Title: Haunted Horror Double-Header: THE WOMAN IN BLACK and THE INNKEEPERS
Year of Release—Film: 2012 / 2011
Year of Release—DVD: 2012 / 2012
DVD Label: Sony Pictures Home Entertainment / MPI Media Group
One of the Unimonster’s favorite genres of Horror is the Ghost film—haunted houses, haunted people, ghostly places. Unfortunately, that genre of late has fallen victim to the so-called “found footage” movie; that species of film inaugurated with the abysmal 1999 movie THE BLAIR WITCH PROJECT. Featuring grainy, out-of-focus video which looks as though your Uncle Carl shot it at the family reunion, the found footage movie exploded in popularity following the blockbuster success of 2007’s PARANORMAL ACTIVITY, which grossed more than $107 million on a budget of roughly $15,000. Cheap to produce, the appeal of such movies to both studio execs and aspiring filmmakers is easy to see, and the Ghost genre is uniquely well-suited to such films.
As a fan of classic Horror, though, I find something lacking in most of these films. Too often, the reduced cost of production means that scripts which would not have passed muster using the conventional studio process are being made into films, definitely a mixed blessing. While it’s true that the major studio method of choosing which scripts to produce seems to involve eight men in suits killing anything that smacks of originality, it also manages to weed out the really bad ideas—the ones that really shouldn’t see the light of day, such as QUARANTINE, the thoroughly unnecessary remake of [REC].
That wasn’t always the case, of course—for more than fifty years Hollywood’s best and brightest worked in the genre, bringing us films such as THE HAUNTING, THE INNOCENTS, THE UNINVITED, GHOST STORY, THE LEGEND OF HELL HOUSE, and THE CHANGELING—films that delivered both scares and stories, quality horror and quality entertainment. Recently, however, two Ghost films were released which harken back to those glory days of the ghost film: Ti West’s low-budget thriller THE INNKEEPERS, and the resurrected Hammer Films’ THE WOMAN IN BLACK.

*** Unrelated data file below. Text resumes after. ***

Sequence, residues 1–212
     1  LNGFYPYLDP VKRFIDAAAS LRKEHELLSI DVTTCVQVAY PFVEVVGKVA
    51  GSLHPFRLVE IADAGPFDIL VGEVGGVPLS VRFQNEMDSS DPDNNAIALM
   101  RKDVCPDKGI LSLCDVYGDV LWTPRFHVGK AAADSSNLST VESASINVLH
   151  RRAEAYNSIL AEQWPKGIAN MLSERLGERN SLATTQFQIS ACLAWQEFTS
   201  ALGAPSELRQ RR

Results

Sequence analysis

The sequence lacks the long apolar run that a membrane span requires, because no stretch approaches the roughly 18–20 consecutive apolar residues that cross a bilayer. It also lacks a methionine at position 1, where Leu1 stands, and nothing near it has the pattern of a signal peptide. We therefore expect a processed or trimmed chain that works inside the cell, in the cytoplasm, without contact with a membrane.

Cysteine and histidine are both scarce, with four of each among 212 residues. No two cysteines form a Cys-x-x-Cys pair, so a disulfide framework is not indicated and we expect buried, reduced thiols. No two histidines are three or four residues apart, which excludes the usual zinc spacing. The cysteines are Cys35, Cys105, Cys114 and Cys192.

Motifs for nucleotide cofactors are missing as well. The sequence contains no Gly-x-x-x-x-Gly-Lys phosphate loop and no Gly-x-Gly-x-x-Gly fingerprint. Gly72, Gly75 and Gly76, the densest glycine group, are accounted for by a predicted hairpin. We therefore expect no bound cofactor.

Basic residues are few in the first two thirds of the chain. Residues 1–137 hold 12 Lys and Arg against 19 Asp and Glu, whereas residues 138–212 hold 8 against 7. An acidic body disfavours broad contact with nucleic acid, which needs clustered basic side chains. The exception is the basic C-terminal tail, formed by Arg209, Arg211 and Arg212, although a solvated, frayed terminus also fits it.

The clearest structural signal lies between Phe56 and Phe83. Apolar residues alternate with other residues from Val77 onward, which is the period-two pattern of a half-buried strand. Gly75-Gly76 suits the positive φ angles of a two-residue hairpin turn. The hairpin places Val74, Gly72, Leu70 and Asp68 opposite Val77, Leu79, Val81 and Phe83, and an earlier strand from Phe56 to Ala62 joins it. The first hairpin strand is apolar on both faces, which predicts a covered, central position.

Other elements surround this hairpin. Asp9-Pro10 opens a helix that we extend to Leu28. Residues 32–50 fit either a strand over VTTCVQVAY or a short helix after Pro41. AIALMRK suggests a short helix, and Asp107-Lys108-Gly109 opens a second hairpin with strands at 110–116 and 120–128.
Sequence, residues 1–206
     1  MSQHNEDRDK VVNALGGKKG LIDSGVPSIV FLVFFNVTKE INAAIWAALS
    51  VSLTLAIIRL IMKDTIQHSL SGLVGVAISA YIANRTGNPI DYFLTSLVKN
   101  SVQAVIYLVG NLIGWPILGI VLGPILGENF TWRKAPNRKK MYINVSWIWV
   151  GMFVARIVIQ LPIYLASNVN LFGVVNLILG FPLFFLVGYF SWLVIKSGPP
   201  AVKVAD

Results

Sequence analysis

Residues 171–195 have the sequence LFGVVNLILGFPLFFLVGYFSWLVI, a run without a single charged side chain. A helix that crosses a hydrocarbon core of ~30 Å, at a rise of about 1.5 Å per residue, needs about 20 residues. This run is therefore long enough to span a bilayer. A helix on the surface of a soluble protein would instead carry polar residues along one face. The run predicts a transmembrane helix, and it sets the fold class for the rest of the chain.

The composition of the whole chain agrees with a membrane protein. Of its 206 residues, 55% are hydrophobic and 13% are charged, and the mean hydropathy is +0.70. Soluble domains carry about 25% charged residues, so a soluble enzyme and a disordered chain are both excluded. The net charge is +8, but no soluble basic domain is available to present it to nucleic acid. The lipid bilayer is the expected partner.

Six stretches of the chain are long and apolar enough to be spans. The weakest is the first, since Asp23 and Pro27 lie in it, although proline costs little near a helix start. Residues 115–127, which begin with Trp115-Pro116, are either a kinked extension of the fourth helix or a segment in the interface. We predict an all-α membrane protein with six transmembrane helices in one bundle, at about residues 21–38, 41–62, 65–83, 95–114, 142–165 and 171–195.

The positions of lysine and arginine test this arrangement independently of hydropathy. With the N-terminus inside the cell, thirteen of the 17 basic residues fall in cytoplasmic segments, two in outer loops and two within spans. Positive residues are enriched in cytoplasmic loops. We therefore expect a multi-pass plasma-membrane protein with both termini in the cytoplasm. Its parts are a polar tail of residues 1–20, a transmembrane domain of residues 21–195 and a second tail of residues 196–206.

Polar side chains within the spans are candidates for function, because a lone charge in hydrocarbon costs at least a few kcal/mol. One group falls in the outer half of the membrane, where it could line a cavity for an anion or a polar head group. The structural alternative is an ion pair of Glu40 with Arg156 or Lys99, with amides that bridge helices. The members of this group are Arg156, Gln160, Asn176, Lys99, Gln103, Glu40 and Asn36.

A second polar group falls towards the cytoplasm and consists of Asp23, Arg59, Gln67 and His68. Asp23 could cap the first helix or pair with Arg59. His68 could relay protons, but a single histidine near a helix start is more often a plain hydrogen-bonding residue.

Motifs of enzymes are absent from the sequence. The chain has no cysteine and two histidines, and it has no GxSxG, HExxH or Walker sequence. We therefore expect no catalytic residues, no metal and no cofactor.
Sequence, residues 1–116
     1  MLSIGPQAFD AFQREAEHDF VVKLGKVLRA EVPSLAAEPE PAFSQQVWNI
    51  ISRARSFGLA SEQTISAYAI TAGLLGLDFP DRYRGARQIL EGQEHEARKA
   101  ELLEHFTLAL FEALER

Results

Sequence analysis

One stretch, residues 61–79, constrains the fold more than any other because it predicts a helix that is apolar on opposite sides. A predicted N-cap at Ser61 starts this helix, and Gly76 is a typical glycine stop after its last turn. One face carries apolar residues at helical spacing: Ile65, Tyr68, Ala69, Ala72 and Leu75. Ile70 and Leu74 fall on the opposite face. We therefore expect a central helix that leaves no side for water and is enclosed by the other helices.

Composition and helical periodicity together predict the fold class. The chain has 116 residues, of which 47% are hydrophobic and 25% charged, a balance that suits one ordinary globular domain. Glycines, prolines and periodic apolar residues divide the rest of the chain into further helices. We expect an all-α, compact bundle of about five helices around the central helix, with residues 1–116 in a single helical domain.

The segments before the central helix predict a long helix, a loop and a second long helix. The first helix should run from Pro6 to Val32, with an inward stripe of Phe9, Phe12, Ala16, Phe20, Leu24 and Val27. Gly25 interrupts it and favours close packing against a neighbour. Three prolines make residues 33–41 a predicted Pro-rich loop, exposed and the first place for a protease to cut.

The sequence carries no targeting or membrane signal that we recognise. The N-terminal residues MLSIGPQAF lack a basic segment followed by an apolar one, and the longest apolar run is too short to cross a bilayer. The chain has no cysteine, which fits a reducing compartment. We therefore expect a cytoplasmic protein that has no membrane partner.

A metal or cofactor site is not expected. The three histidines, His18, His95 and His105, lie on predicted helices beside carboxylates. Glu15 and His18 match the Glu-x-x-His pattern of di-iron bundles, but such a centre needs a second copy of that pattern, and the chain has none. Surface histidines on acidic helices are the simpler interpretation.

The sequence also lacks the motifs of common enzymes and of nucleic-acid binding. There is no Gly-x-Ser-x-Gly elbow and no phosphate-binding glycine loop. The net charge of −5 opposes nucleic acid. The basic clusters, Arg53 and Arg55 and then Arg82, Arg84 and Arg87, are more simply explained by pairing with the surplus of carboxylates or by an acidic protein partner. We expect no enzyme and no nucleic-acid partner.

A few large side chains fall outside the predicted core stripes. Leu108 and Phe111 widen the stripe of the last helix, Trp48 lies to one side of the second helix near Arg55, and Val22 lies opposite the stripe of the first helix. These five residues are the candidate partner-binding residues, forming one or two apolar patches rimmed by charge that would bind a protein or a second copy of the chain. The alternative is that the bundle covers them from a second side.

According to the DVD cover, THE INNKEEPERS stars Sara Paxton, Pat Healy, and Kelly McGillis, though the real star of the film is the 121-year-old Yankee Pedlar Inn, in Torrington, Connecticut. The inn, still a popular destination for tourists, played host to the cast and crew, and served as the primary location for filming.
Paxton and Healy play Claire and Luke, the last two workers at the inn, as it prepares to close its doors for good. There’s little for them to do, as the hotel is virtually empty, and they spend most of their time playing pranks on each other and investigating the inn’s reputed haunting, by the ghost of a jilted bride named Madeline O’Malley. O’Malley, so the legend goes, hung herself in her room many years ago, after being left at the altar by her fiancé. The owner of the hotel, finding her body, hid it in the cellar to avoid the bad publicity.
Luke claims to have encountered the ghost, and Claire is envious of his experiences in the hotel. They explore the inn, deserted save for a woman and her young son, with recording devices, hoping to capture proof of the haunting. Into this peaceful, if morbid, setting comes a retired actress, Leanne Rease-Jones (Kelly McGillis), who now lectures on spiritualism and alternative healing. She acts as a catalyst to Claire, inspiring her to seek out the spirits in the house with even more persistence. In doing so, she realizes that, perhaps, the spirits don’t wish to be found.